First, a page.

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Ratz Instagib's creator on the new update and plans for the future


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Lino Slahuschek, the sole developer of Ratz Instagib 2.0 (opens in new tab), was modest when we spoke over Skype yesterday. Speaking in English might have contributed to his short and sweet answers—Slahuschek is from Austria—but I sensed that Ratz is a genuine passion project for him. It began as an experiment.

"I thought I would like to try to make a little shooter in Unity in a week or so, just to try it out, how network and stuff works, but I couldn't stop," said Slahuschek. "And it evolved into the webgame after some months, and then got greenlit [on Steam], and the big idea of releasing on Steam came to me, and I redid the whole game."

I like the game he's made: Ratz is an arena shooter stripped to the essentials, with one-hit kills and one hitscan weapon for everyone. There's no question of where the inspiration came from: when I asked, Slahuschek said impassively, "Yes, Unreal Tournament." He made Ratz to recreate the experience of his favorite UT instagib server. I'm personally a huge fan of UT2K4 instagib, so Ratz immediately appealed to me.

Other people like the game, too—the reviews on Steam are 'very positive'—but the number of concurrent players in Ratz at has dwindled since it launched. I think it's fair to say that maintaining a healthy player population is the biggest problem multiplayer shooters face on PC, and it's not just smaller games like Ratz. Evolve's concurrents (opens in new tab) are often sub-1000 lately, which is minuscule considering how heavily the game was marketed and how well it was initially received.

So, Ratz is a bit quiet (opens in new tab) these days, and Slahuschek and his publisher, Rising Star Games, are trying to pull players back in. How do you do that? "Items, I guess," said Slahuschek, chuckling. It's about "giving the players something to work for," added Rising Star Game's Samuel Elphick, who was also on the call.

Taking a cue from Team Fortress 2, the latest update adds cosmetic items which have a random chance of dropping every so many hours of multiplayer play. (Slahuschek told me how many hours that was, but wanted it to be a mystery.) The items are tradeable on the Steam Marketplace.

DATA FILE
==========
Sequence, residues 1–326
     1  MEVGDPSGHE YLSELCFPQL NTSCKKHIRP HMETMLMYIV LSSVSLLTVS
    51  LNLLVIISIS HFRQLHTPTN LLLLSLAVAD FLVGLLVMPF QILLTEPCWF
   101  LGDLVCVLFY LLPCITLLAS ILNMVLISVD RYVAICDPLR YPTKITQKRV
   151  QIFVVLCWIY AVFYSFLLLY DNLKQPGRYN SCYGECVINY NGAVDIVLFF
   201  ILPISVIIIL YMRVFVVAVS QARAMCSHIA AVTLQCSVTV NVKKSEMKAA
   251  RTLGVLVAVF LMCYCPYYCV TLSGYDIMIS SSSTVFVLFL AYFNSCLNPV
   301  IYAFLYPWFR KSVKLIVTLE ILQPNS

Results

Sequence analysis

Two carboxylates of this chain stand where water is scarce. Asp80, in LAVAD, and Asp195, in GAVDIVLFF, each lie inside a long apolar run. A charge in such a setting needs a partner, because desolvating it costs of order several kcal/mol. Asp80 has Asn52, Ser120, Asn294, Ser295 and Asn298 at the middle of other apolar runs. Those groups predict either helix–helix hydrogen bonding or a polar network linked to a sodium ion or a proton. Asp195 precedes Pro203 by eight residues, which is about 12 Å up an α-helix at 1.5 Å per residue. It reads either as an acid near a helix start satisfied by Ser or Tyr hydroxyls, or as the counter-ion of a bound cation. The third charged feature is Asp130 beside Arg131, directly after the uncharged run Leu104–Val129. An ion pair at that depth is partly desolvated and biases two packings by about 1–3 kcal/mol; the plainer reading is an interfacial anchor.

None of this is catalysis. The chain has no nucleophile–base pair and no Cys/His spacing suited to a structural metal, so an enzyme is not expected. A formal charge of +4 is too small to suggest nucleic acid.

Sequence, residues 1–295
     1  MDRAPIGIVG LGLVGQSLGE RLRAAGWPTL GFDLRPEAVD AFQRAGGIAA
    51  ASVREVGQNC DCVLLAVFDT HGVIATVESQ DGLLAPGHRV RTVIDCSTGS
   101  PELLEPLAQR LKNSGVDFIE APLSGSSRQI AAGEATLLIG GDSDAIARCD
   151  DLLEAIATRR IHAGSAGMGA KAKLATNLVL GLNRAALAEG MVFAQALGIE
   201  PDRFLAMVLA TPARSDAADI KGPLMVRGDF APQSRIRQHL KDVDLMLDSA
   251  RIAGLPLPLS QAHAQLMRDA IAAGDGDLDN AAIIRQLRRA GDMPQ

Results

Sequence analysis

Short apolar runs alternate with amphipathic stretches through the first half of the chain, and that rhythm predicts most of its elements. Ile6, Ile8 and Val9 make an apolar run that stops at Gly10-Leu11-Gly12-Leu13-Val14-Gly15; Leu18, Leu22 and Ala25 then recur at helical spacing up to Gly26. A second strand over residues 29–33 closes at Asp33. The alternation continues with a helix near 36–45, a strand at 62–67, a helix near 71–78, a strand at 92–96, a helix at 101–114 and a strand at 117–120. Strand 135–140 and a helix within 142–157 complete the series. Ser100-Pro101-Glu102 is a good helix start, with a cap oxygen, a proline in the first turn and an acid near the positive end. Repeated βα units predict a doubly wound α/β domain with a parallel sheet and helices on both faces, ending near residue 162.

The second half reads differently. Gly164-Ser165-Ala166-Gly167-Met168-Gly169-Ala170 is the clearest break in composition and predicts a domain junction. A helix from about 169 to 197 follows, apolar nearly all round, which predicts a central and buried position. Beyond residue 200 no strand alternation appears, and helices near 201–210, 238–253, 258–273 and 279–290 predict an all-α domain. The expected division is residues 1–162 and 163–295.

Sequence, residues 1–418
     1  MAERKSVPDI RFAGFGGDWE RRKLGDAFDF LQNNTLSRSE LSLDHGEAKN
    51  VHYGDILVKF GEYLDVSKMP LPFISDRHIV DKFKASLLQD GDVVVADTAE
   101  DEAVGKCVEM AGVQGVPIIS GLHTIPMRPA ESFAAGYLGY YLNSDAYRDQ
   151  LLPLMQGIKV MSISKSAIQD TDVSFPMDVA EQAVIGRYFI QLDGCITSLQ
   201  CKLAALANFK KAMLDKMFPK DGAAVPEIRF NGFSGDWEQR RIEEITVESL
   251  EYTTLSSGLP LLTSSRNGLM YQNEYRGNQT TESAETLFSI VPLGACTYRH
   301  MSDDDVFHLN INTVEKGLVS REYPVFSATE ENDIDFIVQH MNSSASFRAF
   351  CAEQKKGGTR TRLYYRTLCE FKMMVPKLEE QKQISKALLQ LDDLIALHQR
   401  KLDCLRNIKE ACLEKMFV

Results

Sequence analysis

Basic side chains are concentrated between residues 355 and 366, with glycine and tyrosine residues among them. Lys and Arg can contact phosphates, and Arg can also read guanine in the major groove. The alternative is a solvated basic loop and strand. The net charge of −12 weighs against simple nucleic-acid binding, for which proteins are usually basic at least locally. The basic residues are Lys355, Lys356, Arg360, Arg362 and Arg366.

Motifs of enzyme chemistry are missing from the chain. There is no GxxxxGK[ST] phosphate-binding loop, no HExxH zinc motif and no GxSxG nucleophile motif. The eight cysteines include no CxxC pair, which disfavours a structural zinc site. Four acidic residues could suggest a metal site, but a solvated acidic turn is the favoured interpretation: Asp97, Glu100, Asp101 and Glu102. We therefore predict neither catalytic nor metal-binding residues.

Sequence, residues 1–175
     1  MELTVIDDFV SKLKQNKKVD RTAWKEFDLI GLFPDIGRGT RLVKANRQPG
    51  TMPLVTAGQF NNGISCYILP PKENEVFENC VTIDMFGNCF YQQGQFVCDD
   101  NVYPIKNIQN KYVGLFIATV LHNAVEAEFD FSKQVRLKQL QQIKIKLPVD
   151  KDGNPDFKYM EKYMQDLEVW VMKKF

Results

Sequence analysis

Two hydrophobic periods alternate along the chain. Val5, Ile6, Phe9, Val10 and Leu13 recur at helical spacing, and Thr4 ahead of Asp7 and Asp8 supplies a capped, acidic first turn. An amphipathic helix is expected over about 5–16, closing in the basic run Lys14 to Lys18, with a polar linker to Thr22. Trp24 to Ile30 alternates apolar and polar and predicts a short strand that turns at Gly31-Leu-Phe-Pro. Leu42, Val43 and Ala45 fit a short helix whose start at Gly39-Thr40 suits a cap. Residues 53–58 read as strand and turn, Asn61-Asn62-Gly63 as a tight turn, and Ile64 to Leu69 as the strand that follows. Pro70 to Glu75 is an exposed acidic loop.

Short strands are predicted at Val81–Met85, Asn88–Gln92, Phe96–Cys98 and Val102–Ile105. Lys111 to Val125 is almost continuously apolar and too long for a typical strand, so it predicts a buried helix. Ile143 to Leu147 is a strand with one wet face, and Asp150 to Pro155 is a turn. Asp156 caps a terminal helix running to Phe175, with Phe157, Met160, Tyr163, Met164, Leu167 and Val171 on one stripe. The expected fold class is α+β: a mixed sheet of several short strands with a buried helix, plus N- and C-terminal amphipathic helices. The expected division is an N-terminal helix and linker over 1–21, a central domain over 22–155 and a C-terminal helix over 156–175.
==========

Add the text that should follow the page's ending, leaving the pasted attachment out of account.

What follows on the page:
The update (opens in new tab) also makes changes to the Freeztag mode, and adds the chance to draw one of two 'golden tickets,' which win you a signed Mad Catz Tournament Edition R.A.T. mouse.

Further down the line, Slahuschek plans to add more maps and translations before leaving Early Access. I asked him if there was any hope for community-made maps—something I think is near-vital for the long-term success of multiplayer shooters—and he was interested in the idea, but said it wouldn't be easy.

"It would be nice, but the way the maps are done ... this wouldn't be possible with a map maker," said Slahuschek. "So the custom maps by users would look a lot different. If I could figure out a way to make it look good with a map editor, then yes, but they would be a lot different—very different—to the normal maps."

"I really want a map editor now," said Elphick.

"I could do something like Minecraft," Slahuschek continued, considering the idea. "Like you put a lot of boxes around and form the maps. This could be possible but I don't know how it would look."

So, that might not happen soon, if at all, but Slahuschek says Ratz will continue to be supported and updated after it leaves Early Access. "It has a lot of potential, I think, and right now it is successful for me," he said. "It's my first game. I don't know how much bigger it can get—I think a lot."

Rising Star Games contacted me last month and asked if Slahuschek could add a PC Gamer item to the game. Hey, why not? Just type 'pcgamer' (one word) quickly on the main menu screen to unlock it.

Tyler Wilde
Executive Editor

Tyler grew up in Silicon Valley alongside Apple and Microsoft, playing games like Zork and Arkanoid on the early personal computers his parents brought home. He was later captivated by Myst, SimCity, Civilization, Command & Conquer, Bushido Blade (yeah, he had Bleem!), and all the shooters they call "boomer shooters" now. In 2006, Tyler wrote his first professional review of a videogame: Super Dragon Ball Z for the PS2. He thought it was OK. In 2011, he joined PC Gamer, and today he's focused on the site's news coverage. After work, he practices boxing and adds to his 1,200 hours in Rocket League.